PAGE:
The road between home and Labrador

drives New England villages

and the brown Midwest

and, God help us,

Oklahoma and Texas,

where cops ambush cars going 7 miles too fast

and threaten picnickers with jail for a bottle of wine.

But no matter where it goes,

the road is more than geography;

it’s freedom.

Despite the song, freedom isn’t

just another word

for nothing left to lose.

Freedom is

the long lazy road

to and from Labrador

amid the aura of autumn.

Freedom is

just another word

for the road.

V

We took the road—

part of the same road

but a different world—

34 years ago,

together the first time,

and later became man and wife.

Now again we stand on the shelf of Niagara

and watch water thunder over cliffs

of American and Horseshoe falls,

two nations divisible.

Every road trip is the same—

finding out what is

between there and there.

But it’s ever unique

for you are never

the same twice.

Four thousand miles there,

four thousand miles back,

eight thousand miles round,

far from home,

in a place called scissors.

VI

“One can’t buy happiness

but one can buy cheese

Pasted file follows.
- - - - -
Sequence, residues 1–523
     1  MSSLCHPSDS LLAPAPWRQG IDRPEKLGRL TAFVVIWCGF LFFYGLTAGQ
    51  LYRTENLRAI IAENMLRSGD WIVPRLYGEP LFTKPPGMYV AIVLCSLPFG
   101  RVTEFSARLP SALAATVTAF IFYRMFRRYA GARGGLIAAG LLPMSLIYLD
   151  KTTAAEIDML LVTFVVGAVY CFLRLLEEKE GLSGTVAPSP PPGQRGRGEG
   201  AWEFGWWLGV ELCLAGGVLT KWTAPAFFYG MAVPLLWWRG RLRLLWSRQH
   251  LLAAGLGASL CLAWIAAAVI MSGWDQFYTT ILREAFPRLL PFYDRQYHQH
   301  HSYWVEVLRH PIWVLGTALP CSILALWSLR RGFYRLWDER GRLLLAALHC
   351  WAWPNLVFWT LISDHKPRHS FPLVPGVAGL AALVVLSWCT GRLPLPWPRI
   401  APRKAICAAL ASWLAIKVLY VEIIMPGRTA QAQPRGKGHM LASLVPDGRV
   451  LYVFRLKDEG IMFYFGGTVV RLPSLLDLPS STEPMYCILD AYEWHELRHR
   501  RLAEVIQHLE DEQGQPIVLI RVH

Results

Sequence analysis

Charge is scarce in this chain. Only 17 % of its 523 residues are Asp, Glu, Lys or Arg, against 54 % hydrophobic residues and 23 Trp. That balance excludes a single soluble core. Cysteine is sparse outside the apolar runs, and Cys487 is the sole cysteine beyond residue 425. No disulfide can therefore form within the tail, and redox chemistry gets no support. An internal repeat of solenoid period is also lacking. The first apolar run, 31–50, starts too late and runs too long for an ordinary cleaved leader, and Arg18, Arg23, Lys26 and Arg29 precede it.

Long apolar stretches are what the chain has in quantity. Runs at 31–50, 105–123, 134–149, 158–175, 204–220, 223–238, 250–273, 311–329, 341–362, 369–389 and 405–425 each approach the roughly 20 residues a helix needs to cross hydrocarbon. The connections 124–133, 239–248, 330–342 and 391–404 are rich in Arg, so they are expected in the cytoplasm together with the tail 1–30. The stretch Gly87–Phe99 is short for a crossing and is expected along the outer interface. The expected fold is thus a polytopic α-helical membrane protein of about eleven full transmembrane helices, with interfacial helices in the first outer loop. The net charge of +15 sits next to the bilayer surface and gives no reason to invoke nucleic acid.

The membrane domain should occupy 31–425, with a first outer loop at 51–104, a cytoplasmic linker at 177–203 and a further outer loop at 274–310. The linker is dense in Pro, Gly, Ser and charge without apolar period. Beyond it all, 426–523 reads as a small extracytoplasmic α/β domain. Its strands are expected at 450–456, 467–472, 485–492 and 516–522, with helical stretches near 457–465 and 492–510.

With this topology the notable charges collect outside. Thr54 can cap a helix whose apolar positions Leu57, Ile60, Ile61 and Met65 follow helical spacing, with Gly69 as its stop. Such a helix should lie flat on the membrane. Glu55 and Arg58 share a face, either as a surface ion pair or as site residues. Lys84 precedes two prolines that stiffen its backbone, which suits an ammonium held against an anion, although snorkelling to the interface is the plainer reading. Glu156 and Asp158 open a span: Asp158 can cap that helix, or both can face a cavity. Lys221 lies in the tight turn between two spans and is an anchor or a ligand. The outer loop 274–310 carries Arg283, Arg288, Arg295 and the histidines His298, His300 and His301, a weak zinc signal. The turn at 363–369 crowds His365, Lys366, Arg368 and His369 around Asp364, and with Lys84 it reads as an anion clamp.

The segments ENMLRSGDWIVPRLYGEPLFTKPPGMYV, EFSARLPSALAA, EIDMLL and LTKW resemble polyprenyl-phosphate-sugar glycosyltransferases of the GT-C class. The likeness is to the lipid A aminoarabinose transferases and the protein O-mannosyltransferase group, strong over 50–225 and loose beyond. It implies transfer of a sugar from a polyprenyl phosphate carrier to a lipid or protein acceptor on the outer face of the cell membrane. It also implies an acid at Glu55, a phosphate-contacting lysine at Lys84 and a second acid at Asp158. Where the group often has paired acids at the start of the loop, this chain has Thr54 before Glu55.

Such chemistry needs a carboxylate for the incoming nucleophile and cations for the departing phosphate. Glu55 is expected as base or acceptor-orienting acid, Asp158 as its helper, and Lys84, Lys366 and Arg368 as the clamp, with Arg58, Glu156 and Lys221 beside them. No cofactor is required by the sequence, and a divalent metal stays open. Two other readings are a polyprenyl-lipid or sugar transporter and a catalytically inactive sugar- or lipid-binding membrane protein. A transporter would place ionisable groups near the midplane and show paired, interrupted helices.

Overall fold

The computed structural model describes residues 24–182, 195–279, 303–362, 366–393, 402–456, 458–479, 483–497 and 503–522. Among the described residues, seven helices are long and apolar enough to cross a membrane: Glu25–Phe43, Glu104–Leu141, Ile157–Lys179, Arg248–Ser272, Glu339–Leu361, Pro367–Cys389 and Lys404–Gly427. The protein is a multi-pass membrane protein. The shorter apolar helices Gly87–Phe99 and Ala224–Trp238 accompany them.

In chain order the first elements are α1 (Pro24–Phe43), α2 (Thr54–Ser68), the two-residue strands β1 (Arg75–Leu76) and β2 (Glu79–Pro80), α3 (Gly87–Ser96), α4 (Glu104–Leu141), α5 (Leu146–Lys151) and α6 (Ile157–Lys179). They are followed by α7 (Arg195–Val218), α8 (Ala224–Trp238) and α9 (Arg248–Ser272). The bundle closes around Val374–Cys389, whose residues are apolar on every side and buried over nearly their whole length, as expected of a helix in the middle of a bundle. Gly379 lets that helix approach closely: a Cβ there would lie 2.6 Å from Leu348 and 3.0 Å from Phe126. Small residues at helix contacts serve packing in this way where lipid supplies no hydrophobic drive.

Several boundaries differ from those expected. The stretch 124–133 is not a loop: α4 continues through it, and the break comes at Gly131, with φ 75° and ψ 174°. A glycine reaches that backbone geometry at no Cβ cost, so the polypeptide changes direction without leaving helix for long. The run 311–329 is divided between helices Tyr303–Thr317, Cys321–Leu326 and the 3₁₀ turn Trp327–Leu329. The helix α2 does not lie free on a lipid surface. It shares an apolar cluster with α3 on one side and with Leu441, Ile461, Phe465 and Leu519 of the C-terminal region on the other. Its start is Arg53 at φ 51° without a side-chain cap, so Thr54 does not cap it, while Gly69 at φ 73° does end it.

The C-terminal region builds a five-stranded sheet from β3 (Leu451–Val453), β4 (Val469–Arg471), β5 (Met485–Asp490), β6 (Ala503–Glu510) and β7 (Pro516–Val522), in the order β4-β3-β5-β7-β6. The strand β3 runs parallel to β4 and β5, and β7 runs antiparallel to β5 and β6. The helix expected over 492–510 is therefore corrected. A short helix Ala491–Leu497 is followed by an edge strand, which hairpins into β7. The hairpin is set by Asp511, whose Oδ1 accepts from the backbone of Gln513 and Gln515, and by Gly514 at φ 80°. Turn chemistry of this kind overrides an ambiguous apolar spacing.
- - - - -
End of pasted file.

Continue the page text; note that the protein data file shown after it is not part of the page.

and it’s almost the same,”

says a sign in Quebec’s vast market.

So I stop and buy Manchego cheese

at $24 a pound

made from the milk of Spanish sheep

living on a plain of rock monoliths

where Don Quixote roamed,

because 45 years ago

on another road trip—

a month through every part of Spain,

in the dying modes of fascist dictatorship

and misbegotten marriage—

a different wife

a different road

a different country

a different love

but the same cheese,

another wife and I

on that road we

munched on cheap Manchego and coarse Spanish loaves and sweet olives

in the last best time

of a misaligned love

I can but mourn

for what it was

for what I was

for what I did.

You can’t forget

You can’t forgive

You can’t forgo

the memories.

VII

Color the road red and orange.

Color the road long and lush

Color the road lustful and lascivious.

Color the road us.

This is today.

The road home begins

on the whale-spouted,

iceberg-lacerated shores

of the Gulf of St. Lawrence.

At the end of this road,

like all roads, like all trips,

resides past and future—

downer and detumescence,

like letting air out of a balloon,

the adventure is over;

and ardent arousal,

for at home, real life lives on,

beckons us back.

But there will always be another trip—

always,

until there isn’t.

Four thousand miles there

four thousand miles back

eight thousand miles around

far from home

in a place called scissors.

VIII

The road is paved

with memories.

I am old

and remember

and want to cry.

I recall the young man

who made many a mistake

with panache and pizzaz.

I am no longer young,

make few mistakes

and have lost panache and pizzaz.

But I remember everything.

The road is long.

Where does it begin?

Where does it end?

No, the road is short.

It begins,

and ends,

here.

Four thousand miles there,

four thousand miles back,

eight thousand miles round,

far from home,

in a place called scissors.